Americans are now getting so many robocalls on a regular basis that many are simply choosing not to answer the phone altogether.
That's one big takeaway from a report released Tuesday, Jan. 29, by Hiya, a Seattle-based spam monitoring service that analyzed activity from 450,000 users of its app to determine the scope of unwanted robocalling - and how phone users react when they receive an automated call.
Consistent with other analyses, Hiya's report found that the number of robocalls is on the rise. About 26.3 billion robocalls were placed to U.S. phone numbers last year, Hiya said, up from 18 billion in 2017. One report last year projected that as many as half of cellphone calls in 2019 could be spam.
While many businesses have legitimate purposes for using robocalls - think package delivery services, home maintenance technicians and banks - unwanted robocalls represent a growing challenge for regulators and telecom companies.
In its analysis of a month's worth of calling data, Hiya found that each of its app users reported an average of 10 unwanted robocalls. Many more incoming calls, about 60 on average, were from unrecognized numbers or numbers not linked to a person in the recipient's address book.
What's more, about half of cellphone calls are being answered at all, according to Hiya, whose systems integrate with lists of known and suspected spam numbers maintained by the Federal Communications Commission and the Federal Trade Commission.
"As our phones continue to be inundated by robocalls, many people no longer want to pick up the phone at all," said Hiya CEO Alex Algard. But, Algard added, that can also lead to missing important calls from doctors' offices, banks, schools and other institutions.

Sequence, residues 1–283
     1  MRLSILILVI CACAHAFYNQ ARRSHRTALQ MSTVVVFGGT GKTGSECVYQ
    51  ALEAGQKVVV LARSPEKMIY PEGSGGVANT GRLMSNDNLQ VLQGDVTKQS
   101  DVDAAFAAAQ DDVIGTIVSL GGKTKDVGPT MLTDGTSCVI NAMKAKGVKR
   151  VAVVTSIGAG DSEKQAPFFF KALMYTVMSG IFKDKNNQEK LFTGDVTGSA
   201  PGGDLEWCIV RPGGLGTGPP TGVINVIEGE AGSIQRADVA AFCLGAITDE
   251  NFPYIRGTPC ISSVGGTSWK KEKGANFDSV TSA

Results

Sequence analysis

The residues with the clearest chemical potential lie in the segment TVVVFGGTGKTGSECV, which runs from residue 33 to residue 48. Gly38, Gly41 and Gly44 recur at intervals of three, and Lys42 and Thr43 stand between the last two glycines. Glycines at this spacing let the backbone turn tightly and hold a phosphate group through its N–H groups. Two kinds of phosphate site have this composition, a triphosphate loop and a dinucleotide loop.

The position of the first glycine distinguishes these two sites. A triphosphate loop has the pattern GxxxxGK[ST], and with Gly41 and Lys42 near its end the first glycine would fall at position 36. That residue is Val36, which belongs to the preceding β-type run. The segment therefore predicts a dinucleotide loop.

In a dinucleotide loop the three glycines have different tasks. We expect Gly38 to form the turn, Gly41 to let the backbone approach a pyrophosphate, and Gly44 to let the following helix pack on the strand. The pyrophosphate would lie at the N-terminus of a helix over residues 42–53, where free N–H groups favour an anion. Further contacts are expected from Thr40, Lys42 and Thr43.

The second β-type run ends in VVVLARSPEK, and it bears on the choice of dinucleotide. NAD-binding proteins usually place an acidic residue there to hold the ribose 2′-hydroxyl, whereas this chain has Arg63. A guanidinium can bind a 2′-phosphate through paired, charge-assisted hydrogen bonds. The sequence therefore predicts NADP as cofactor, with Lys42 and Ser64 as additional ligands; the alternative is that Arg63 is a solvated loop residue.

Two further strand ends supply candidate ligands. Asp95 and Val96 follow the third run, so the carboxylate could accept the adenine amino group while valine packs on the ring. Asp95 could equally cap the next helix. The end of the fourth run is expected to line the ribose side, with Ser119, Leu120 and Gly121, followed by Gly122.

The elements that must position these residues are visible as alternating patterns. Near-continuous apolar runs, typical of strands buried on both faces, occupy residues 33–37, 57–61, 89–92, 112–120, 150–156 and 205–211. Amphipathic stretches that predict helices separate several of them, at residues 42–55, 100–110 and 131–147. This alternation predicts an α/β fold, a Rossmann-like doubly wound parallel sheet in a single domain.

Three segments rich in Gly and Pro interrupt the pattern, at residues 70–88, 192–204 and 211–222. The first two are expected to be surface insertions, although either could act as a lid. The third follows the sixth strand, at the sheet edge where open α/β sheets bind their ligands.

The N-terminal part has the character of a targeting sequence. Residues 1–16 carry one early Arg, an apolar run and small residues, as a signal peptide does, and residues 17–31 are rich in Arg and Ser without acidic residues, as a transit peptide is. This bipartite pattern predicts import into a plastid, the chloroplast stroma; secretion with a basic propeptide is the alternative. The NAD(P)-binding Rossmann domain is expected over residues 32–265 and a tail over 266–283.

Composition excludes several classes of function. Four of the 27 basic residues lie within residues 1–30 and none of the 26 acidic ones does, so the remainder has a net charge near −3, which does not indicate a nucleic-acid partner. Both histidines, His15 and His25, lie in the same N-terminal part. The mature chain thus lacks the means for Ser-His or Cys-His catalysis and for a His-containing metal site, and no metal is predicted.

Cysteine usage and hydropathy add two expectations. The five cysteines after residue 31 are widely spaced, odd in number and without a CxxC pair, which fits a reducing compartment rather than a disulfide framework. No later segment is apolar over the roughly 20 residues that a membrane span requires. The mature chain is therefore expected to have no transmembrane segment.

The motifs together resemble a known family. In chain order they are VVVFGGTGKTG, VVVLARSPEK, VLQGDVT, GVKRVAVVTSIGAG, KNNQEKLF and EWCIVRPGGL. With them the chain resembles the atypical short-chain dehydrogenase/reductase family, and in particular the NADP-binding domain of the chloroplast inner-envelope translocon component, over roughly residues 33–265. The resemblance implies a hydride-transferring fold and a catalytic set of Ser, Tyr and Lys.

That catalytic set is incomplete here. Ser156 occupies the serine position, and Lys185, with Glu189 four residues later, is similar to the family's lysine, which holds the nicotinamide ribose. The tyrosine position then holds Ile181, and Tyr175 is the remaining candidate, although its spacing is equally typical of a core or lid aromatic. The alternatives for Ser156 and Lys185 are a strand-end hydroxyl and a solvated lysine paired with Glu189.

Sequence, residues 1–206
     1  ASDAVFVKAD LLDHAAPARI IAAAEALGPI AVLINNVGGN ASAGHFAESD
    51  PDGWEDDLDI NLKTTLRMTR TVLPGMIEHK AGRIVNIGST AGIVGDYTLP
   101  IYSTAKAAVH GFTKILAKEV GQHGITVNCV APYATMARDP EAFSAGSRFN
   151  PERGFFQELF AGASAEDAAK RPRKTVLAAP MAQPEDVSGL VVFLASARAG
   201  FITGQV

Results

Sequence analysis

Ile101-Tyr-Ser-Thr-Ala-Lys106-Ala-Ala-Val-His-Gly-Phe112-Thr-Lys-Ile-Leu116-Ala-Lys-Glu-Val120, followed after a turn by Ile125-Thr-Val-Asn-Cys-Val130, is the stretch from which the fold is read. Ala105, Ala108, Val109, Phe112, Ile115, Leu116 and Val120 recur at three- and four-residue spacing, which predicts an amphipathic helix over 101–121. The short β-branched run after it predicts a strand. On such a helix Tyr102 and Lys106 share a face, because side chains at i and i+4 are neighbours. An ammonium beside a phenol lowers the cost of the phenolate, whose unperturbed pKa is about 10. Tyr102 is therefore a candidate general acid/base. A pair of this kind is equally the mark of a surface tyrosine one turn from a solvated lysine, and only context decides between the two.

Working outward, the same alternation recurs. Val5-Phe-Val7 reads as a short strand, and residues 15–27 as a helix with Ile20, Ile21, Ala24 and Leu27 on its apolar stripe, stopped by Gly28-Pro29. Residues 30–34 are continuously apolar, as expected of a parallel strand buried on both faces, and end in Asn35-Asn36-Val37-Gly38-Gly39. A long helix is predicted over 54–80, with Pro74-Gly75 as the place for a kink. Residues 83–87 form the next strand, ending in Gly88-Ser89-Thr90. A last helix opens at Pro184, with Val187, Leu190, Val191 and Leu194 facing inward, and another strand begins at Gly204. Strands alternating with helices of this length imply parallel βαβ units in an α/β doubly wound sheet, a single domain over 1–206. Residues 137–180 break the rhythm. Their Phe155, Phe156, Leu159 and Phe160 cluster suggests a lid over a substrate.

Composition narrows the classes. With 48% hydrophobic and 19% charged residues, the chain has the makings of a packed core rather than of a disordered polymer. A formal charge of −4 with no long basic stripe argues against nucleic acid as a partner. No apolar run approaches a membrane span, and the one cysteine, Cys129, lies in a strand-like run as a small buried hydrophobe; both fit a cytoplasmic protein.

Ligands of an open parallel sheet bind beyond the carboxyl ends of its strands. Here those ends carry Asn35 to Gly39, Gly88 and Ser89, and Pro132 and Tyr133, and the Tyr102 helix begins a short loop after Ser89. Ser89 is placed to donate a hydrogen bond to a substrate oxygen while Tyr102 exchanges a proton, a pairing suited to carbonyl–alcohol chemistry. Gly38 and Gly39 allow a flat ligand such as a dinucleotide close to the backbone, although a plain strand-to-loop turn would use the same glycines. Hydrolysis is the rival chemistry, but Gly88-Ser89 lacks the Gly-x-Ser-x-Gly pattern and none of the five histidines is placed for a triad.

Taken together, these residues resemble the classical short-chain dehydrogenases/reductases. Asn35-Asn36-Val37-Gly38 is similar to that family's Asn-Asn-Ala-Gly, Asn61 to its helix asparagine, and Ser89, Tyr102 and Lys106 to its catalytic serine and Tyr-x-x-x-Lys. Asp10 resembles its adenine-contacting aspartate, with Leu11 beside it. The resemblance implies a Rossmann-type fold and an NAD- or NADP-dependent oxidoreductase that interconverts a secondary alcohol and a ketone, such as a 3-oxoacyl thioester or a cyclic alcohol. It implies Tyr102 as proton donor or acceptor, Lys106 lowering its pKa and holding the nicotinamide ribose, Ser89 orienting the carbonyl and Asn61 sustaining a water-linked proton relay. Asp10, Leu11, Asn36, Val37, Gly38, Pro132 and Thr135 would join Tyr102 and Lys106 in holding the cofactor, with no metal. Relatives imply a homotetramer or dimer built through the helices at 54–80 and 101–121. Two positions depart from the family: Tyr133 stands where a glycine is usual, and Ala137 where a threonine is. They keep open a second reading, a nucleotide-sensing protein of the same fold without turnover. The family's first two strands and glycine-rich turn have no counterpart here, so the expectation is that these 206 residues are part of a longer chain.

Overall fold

Federal regulators have moved to crack down on unwanted and spam communications, levying massive fines against those who have illicitly harassed people on the national do-not-call telemarketing list and adopting rules facilitating the rollout of new technologies to stop unwanted calls.
Earlier this month, T-Mobile said it would soon activate a technical protocol known as SHAKEN/STIR, a type of caller authentication program that follows the same principles as website encryption. Other carriers, including AT&T, Verizon and Sprint, have also committed to implementing the feature. Endorsed by the FCC, the new protocol is part of an industrywide push to limit the effects of caller ID spoofing, which is when a spammer poses as a caller from a nearby area code in an effort to trick recipients into picking up the phone.
The FCC received 52,000 consumer complaints about caller ID spoofing in 2018, the agency has said.
This article was written by Brian Fung, a reporter for The Washington Post.